There is absolutely nothing to choose between any of these gangsters. Yet in the last elections the CPRF actually had more businessmen on its lists than any other party! That is why they lost so heavily. The workers were rightly disgusted at the spectacle of a party that calls itself Communist behaving in this way. Despite this, our friend in Jaffa defends the leaders of the CPRF against the criticism of Alan Woods. He advises them to continue along this road that will lead the Party from one disaster to the next. With friends like this one really does not need enemies!

The Communists of Russia are not little children, that they cannot understand simple questions. And the simplest question of all is this: that Communists must stand for the interests of the workers against the capitalists. Class collaboration is not the policy of the Communists! The CPRF, if it is to recover and play the role it ought to play, must decisively break with the bourgeoisie, fight against capitalism, and return to the revolutionary programme and policies of Lenin.

The Cuban revolution and internationalism

With the intention of achieving popularity in Cuba, Shamir also mentions in passing that in the Cuban revolution Castro “united Cubans against Yanks”. But wait a moment, Mr. Shamir! Don’t run so fast! Have you forgotten the small detail that Fidel Castro nationalised the economy and expropriated not only the foreign capitalists but also the Cuban ones? Do you not understand that had he not acted in this way, the Cuban revolution would never have succeeded?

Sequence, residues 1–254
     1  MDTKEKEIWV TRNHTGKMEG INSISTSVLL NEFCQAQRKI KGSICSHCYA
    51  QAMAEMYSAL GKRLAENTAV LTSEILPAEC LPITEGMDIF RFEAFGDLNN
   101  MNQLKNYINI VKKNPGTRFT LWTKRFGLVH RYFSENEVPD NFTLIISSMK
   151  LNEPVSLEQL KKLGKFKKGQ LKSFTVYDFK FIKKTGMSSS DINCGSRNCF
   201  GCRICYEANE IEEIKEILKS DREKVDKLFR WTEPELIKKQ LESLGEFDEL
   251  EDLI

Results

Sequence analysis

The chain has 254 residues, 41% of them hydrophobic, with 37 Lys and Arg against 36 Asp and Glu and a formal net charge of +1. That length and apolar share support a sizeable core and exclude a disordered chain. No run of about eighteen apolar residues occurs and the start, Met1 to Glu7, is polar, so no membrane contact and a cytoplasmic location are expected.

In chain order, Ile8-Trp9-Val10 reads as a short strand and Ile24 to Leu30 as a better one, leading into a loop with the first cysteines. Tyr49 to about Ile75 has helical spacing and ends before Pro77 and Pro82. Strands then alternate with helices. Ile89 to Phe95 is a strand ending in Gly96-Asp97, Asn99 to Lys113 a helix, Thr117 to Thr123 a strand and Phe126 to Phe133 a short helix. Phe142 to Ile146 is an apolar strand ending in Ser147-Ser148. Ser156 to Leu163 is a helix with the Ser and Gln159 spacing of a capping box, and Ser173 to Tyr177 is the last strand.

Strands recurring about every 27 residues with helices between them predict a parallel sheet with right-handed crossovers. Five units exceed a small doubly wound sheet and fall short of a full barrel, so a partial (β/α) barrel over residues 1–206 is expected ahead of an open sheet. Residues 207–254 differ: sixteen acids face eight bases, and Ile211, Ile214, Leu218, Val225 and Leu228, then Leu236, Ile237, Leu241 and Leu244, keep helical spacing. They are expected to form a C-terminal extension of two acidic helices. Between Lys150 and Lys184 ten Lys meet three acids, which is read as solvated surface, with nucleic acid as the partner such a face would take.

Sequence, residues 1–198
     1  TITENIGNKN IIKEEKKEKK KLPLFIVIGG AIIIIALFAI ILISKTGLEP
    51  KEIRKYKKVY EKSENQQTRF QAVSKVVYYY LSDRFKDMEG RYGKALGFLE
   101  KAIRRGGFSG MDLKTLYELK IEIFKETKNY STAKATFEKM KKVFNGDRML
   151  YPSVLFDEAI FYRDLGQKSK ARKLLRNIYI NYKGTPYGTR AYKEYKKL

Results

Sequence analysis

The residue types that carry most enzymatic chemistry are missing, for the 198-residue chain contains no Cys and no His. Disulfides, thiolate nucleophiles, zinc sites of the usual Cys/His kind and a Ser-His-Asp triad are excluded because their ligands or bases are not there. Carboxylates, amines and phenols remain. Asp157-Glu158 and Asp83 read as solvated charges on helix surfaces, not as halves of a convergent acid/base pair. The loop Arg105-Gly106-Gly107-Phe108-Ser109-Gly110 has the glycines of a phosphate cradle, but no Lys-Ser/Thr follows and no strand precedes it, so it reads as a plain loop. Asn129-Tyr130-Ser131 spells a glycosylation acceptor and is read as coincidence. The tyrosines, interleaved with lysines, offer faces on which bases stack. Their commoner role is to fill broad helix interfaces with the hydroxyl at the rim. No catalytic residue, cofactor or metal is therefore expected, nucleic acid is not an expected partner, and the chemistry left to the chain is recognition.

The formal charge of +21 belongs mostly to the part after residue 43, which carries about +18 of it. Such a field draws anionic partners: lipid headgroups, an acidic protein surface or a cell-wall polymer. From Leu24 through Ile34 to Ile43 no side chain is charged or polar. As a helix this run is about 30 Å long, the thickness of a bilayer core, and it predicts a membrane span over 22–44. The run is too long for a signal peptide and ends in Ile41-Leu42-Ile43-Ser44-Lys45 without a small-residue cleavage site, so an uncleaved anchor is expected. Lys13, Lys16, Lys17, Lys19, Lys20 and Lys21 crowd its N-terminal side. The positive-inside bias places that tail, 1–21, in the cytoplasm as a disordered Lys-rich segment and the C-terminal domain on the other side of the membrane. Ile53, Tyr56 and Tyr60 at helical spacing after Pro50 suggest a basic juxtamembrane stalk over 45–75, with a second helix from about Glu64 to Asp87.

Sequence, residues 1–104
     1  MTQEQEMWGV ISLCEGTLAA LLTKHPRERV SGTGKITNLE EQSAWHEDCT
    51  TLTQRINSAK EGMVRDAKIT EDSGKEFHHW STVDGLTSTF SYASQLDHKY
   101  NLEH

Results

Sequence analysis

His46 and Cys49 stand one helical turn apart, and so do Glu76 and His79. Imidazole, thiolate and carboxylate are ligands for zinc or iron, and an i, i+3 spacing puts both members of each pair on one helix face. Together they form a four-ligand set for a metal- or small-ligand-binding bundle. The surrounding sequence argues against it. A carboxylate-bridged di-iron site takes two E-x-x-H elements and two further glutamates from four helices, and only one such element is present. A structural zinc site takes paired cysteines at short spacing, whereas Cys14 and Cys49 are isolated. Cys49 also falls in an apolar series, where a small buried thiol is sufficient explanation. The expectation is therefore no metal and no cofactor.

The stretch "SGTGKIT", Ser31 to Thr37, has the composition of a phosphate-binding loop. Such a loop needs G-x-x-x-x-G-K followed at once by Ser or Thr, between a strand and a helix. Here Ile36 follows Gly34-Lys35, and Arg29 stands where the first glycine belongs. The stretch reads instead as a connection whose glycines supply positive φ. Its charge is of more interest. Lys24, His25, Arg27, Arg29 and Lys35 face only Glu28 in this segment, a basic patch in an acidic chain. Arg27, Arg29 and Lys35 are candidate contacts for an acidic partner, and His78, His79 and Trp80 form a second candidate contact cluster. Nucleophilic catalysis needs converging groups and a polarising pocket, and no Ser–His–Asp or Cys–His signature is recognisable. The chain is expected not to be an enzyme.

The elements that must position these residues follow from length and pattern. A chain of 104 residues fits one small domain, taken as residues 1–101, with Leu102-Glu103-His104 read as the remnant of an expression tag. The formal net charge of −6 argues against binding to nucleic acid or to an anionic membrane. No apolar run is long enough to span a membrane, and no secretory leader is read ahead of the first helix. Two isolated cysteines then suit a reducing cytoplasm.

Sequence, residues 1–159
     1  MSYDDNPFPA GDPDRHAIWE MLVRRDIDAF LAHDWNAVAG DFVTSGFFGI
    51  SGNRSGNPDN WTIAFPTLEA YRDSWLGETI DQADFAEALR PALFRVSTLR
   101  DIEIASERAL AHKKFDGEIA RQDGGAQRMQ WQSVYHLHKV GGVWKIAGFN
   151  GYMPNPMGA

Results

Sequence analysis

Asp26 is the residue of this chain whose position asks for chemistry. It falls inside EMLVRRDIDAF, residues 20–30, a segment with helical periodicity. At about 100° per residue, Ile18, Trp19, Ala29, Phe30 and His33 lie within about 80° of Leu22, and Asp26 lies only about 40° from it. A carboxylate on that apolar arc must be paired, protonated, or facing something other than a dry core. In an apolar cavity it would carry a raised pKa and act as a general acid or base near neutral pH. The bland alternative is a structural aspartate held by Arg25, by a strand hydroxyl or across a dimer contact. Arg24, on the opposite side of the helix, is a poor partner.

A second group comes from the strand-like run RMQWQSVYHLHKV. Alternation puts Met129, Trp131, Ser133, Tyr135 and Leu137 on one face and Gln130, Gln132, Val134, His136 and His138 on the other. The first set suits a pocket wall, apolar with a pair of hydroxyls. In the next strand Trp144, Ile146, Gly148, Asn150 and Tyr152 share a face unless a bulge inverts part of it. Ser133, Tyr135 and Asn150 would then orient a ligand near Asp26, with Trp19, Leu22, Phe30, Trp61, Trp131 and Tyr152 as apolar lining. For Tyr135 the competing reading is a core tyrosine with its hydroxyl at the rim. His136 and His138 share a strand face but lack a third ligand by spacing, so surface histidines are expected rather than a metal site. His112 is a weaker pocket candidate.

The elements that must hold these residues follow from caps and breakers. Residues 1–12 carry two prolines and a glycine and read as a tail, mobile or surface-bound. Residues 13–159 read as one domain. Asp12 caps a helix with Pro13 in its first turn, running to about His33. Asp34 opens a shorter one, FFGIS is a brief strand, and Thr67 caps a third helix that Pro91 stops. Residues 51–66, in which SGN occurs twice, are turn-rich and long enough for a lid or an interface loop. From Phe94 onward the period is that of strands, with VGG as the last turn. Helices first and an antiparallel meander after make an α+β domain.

As on every other question, Shamir distorts and falsifies the history of the Cuban revolution in order to force it into the Stalinist scheme. But unfortunately for him it will not fit! As we have seen, the people who were in favour of class collaboration (“uniting all Cubans”) was not Fidel Castro and his supporters, but the Stalinist Blas Roca and his gang. Castro did not “unite all Cubans” but the revolutionary masses – the workers, peasants and revolutionary intelligentsia, who supported the revolutionary expropriation of the Cuban bankers, landowners and capitalists, along with their imperialist masters.

How does this represent “uniting all Cubans”? The Cuban revolution did not triumph under the reactionary, anti-Marxist banner of class collaboration and national philistinism – the banner of Blas Roca and the Stalinists. It broke radically with US imperialism, and therefore also with that section of Cuban society that was organically linked to US imperialism. This is not called “uniting all Cubans”. It is called revolutionary class struggle. On this basis the revolution succeeded. But if Fidel Castro had followed the policies of Blas Roca and Israel Shamir it would have been destroyed.

This revolutionary policy brought down the wrath of US imperialism on Cuba and led to the Bay of Pigs intervention. The workers, peasants and progressive sections of the intelligentsia rallied to the defence of the revolution. But the bourgeois elements and their hangers-on were all united against Castro – in Miami, where they remain to this day.